All focus group participants received a US$40 cash incentive in appreciation of their time and trouble; interviewees received US$25. We provided meals or substantial snacks that were appropriate for the time of day when the focus groups took place. We decided a priori not to collect sociodemographic data. There were two main reasons for this decision. First, we believed that the site differences were greater and more meaningful than differences among individual participants. This would render analysis by sociodemographic characteristics of individuals misleading. Second, our stated purpose during the recruitment phase of our project was to examine the research process itself, rather than the participants in our study. We made note of the apparent age, gender, and racial/ethnic makeup of the focus groups and the ways attendees described themselves.
We recorded focus groups and interviews. The digital recordings were transcribed verbatim by a professional transcription service that has been used by other qualitative researchers at our institution. We began our analysis after conducting our first focus group and continued throughout the study. We first read each transcript to get an overall view of the discussion, then we reread and identified relevant statements. We then grouped similar statements into categories, and we organized these into themes. We developed codes to represent the themes we identified, created an overall thematic matrix (Guest et al., 2012) organized into final themes and characteristics that focus group participants that were identified as having substantial effects on the ability of studies to retain participants. We identified as themes broad factors that appear to have substantial effects on the research process. We identified as characteristics the specific attributes of study participants, study design, and implementation, and the context in which studies take place. Throughout the study, one researcher (dho) manually coded the data. We used a preliminary multilevel coding scheme (participant, study, and context) to identify themes and characteristics. Another researcher (lab) reviewed and analyzed transcripts and text block on an ongoing basis, and suggested additional categories for the coding scheme.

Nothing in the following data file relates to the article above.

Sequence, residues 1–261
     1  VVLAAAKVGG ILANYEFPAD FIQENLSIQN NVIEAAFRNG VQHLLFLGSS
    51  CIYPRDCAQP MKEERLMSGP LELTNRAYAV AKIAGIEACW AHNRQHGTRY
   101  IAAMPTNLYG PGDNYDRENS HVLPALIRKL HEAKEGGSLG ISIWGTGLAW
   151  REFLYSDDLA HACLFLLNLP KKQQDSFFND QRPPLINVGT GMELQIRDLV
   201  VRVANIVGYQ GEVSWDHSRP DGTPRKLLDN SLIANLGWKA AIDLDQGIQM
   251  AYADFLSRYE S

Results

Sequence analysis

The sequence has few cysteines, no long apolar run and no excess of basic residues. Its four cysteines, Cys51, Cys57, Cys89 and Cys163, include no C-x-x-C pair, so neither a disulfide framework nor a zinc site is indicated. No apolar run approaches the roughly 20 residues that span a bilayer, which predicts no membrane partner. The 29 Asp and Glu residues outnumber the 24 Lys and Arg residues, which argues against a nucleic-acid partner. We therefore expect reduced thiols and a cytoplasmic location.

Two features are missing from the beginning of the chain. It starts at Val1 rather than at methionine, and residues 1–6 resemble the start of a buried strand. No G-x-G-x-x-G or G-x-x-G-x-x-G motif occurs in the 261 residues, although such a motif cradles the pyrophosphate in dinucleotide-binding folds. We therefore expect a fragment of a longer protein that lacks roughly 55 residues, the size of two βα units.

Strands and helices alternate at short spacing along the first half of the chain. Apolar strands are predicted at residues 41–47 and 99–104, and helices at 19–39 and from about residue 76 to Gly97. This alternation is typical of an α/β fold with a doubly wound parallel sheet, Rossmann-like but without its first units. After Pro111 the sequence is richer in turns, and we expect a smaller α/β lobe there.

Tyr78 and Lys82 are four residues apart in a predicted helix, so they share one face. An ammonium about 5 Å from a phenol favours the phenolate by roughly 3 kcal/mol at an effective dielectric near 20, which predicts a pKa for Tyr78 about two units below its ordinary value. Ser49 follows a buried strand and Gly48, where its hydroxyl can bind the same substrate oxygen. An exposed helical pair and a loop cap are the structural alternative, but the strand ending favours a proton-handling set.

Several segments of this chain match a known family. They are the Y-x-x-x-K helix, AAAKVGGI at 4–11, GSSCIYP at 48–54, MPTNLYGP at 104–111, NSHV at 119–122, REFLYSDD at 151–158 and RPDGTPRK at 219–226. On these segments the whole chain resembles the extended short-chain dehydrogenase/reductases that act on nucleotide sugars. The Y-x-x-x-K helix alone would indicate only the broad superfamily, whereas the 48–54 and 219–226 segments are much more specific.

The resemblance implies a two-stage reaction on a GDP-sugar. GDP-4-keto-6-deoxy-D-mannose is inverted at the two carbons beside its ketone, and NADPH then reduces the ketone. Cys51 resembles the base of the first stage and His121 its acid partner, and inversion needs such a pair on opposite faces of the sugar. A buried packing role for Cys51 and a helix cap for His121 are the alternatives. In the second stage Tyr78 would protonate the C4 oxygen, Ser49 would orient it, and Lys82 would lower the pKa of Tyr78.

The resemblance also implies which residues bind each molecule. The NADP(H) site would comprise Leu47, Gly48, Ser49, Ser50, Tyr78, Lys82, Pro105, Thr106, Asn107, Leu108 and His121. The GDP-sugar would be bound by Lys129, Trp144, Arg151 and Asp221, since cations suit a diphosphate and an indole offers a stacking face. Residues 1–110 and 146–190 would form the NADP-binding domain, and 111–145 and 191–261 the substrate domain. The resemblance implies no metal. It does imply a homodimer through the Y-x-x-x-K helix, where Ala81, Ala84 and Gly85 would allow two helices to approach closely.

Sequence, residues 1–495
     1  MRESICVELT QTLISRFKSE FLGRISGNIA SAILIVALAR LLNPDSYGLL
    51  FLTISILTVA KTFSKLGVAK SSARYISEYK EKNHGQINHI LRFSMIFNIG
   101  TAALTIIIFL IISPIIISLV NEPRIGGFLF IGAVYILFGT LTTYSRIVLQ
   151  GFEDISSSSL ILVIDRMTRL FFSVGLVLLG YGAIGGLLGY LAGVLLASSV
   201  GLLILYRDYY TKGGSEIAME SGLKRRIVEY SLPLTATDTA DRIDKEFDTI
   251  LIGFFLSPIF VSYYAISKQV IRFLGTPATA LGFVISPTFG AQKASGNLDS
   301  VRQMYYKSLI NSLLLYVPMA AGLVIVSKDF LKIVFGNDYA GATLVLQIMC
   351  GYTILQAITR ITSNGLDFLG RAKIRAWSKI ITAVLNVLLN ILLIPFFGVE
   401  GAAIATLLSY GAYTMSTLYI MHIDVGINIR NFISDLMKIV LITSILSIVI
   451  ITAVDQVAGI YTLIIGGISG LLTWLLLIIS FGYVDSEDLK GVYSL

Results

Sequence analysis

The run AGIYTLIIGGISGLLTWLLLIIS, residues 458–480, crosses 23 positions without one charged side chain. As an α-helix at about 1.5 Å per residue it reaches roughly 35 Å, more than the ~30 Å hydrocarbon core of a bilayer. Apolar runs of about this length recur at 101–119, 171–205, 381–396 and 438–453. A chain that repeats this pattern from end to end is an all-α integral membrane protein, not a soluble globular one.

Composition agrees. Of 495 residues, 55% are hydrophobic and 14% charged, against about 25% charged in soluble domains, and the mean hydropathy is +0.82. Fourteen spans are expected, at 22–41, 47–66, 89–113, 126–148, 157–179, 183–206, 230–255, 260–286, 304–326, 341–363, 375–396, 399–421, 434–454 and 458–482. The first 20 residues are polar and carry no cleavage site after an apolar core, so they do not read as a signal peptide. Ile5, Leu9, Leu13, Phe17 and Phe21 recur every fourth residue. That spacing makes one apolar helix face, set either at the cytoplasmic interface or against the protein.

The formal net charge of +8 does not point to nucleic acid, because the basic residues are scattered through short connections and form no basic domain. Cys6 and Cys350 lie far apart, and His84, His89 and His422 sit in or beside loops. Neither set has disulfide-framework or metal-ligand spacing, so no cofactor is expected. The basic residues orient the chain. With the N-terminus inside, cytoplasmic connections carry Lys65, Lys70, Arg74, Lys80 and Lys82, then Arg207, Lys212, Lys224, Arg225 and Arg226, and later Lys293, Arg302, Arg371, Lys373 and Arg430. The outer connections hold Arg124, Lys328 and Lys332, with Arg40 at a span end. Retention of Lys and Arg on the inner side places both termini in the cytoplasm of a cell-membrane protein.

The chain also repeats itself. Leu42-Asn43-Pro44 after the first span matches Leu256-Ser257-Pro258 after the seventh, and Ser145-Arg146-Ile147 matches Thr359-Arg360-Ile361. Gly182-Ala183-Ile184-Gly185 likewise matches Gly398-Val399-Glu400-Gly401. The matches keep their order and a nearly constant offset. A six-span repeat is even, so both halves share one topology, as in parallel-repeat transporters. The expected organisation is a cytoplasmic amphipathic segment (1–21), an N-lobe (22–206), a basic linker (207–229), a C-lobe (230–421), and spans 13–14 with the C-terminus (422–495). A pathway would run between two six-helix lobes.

We used the preliminary scheme to code the dataset in more detail, using an inductive, iterative process to revise the original coding as new insights and patterns appeared. We discussed the coding with other researchers, including a student intern who attended some focus groups and a colleague who is an expert in qualitative methods. We then created working data tables for research personnel and study participants. We asked for feedback on our coding and focus group matrices from several researchers who participated in the focus groups. The use of such informant feedback is a way of establishing dependability in qualitative research (Creswell, 2007). The data we present are based on the comments of multiple participants or discussions that took place in multiple focus groups. The quotes we chose for incorporation into the text are representative of these discussions or illustrate variations in the data.
This study was approved by the Committee on Human Research (CHR) of the University of California, San Francisco Human Research Protection Program, Approval 11-05235. To protect the confidentiality of our participants, we obtained verbal consent and provided CHR-approved study information sheets. Incentives were paid in cash, receipts recorded only study ID numbers. Researchers conducting the studies that provided the pool of volunteers were not advised if any of their staff or research participants participated in our study. We asked participants to avoid using names during the conversations, and we strictly limited access to the transcripts to our research team.